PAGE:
Euura clitellata (formerly Pachynematus clitellatus) - Saddleback Grass Nematine

A variable species both in terms of lightness/darkness and morphology. It is broadly similar to Euura fallax. Benson treated clitellatus and truncatus as seperate species, but these are now considered as one under clitellataEuura kirbyi may also be a variant of clitellata. Based on nuclear genes, clitellata contains at least four species and fallax three or four, but morphological differences are unclear so splitting is unlikely in the near future (Prous, pers. comms.).

A sawfly of meadows and grasslands.  The male is mostly a browny-black but usually with a paler orange-brown hypopygium. The male has a square to rectangular projection at the apex of the eighth tergite which is rounded or truncate at the end and, at most, minimally indented at the base of the projection. The projection may be pale or darkened centrally. The female is marked with orange-brown to a greater or lesser extent and may be green or orange-brown on the sternites. Females can often be separated from fallax by the colouration on the mesoscutellum. If the mesoscutellum has some pale colour, then it has a black line in the middle in fallax, whilst in clitellata it is then either completely pale or pale anteriorly.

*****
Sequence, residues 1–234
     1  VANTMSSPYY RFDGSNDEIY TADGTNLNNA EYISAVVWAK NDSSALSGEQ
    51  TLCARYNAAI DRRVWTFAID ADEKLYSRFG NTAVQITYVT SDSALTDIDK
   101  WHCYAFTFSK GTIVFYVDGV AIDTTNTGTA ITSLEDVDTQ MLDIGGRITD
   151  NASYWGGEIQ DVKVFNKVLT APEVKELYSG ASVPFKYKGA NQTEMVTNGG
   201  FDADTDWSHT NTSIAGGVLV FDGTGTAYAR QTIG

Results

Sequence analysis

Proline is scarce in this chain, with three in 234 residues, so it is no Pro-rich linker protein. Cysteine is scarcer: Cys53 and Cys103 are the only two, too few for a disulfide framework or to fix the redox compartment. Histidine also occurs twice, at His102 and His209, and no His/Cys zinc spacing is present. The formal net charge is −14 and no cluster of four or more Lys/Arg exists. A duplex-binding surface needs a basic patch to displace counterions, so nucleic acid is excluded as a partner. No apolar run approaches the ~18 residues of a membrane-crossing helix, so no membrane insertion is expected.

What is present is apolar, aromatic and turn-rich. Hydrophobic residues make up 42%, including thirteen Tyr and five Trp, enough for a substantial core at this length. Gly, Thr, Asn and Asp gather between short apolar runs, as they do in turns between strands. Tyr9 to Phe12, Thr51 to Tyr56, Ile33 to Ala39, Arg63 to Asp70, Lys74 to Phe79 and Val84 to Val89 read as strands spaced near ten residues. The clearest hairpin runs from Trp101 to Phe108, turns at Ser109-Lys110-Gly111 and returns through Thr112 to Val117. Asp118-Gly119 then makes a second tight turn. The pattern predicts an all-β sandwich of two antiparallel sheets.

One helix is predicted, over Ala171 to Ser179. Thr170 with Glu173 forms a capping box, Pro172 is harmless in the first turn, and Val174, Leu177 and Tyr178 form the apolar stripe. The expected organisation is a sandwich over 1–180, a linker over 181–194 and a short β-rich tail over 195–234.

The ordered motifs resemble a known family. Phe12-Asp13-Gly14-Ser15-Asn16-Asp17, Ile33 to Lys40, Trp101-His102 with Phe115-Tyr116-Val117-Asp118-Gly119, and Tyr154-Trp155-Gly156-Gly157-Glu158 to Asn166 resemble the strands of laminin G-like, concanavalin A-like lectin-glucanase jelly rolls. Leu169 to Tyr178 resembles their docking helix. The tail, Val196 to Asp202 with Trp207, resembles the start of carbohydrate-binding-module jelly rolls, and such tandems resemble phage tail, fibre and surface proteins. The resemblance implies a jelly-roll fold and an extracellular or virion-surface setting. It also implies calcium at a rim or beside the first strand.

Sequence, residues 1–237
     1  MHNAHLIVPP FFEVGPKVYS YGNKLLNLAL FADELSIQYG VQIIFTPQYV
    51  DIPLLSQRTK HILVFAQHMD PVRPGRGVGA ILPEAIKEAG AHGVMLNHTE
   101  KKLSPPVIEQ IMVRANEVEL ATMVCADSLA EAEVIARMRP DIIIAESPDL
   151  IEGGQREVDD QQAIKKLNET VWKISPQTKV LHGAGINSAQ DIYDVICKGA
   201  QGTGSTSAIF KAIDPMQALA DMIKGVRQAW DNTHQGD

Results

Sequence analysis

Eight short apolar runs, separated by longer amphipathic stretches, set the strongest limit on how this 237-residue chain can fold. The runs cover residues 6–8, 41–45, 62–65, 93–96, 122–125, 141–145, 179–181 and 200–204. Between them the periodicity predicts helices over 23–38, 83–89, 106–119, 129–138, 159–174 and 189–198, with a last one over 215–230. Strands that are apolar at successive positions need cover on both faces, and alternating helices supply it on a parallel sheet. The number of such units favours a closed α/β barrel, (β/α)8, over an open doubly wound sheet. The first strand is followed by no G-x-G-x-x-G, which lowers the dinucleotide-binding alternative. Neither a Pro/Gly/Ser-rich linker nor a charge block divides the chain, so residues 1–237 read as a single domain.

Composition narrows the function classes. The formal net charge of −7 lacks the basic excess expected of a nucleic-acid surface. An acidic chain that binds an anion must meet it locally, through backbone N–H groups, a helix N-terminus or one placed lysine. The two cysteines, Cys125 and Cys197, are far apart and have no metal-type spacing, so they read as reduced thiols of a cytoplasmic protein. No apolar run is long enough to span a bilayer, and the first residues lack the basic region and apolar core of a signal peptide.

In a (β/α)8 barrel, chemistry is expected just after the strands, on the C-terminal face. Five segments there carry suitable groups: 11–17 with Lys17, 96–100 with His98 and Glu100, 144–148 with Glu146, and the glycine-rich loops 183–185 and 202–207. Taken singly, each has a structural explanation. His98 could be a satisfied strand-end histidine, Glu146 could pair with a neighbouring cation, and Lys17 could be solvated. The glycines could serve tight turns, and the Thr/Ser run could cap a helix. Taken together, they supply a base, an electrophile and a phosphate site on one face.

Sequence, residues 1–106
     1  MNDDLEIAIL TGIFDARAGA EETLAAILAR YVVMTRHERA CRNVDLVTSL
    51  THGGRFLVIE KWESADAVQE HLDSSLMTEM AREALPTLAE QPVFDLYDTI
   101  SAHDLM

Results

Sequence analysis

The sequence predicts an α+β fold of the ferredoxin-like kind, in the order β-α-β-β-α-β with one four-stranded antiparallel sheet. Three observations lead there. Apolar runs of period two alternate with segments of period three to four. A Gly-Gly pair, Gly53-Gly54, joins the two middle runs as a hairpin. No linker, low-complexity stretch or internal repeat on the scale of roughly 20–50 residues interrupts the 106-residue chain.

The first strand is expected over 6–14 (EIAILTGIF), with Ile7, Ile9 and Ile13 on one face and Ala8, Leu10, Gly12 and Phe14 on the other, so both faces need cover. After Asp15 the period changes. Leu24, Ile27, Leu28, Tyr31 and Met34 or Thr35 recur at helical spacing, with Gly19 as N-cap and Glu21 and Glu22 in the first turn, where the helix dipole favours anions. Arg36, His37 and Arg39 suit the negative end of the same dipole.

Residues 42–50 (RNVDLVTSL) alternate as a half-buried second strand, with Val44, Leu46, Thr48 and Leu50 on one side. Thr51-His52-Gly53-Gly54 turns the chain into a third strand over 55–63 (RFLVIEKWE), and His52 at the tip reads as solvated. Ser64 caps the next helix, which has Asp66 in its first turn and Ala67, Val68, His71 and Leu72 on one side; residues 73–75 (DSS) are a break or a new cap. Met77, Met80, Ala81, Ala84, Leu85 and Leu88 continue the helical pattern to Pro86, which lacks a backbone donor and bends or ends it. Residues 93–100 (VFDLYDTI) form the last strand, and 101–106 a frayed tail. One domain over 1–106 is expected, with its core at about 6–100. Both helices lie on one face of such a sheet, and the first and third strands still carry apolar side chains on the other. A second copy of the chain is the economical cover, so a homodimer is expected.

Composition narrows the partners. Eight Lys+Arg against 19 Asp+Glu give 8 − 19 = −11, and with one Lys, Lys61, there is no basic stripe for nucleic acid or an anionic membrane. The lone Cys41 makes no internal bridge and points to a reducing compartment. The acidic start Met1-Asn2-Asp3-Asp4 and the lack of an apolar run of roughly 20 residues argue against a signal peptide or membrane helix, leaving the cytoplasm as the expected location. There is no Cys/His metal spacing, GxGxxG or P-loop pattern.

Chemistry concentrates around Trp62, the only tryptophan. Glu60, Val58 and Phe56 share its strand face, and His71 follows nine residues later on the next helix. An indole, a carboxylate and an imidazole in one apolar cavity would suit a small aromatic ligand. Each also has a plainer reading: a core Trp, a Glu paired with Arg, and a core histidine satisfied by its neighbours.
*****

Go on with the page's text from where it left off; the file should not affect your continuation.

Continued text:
Euura clitellata larvae feed on grasses, sedges and rushes.

Size: 6 - 7mm.

Status: Common

Distribution: England, Scotland, Wales, Ireland

Flight period: May to September

Plant associations: Gramineae, Carex, Juncus (grasses, sedges, rushes)

References:

Benson, R.B., 1952. Handbooks for the Identification of British Insects. Hymenoptera, Symphyta, Vol 6, Section 2(a-c), Royal Entomological Society, London

Liston A, Knight G, Sheppard D, Broad G, Livermore L (2014) Checklist of British and Irish Hymenoptera - Sawflies, ‘Symphyta’. Biodiversity Data Journal 2: e1168. https://doi.org/10.3897/BDJ.2.e1168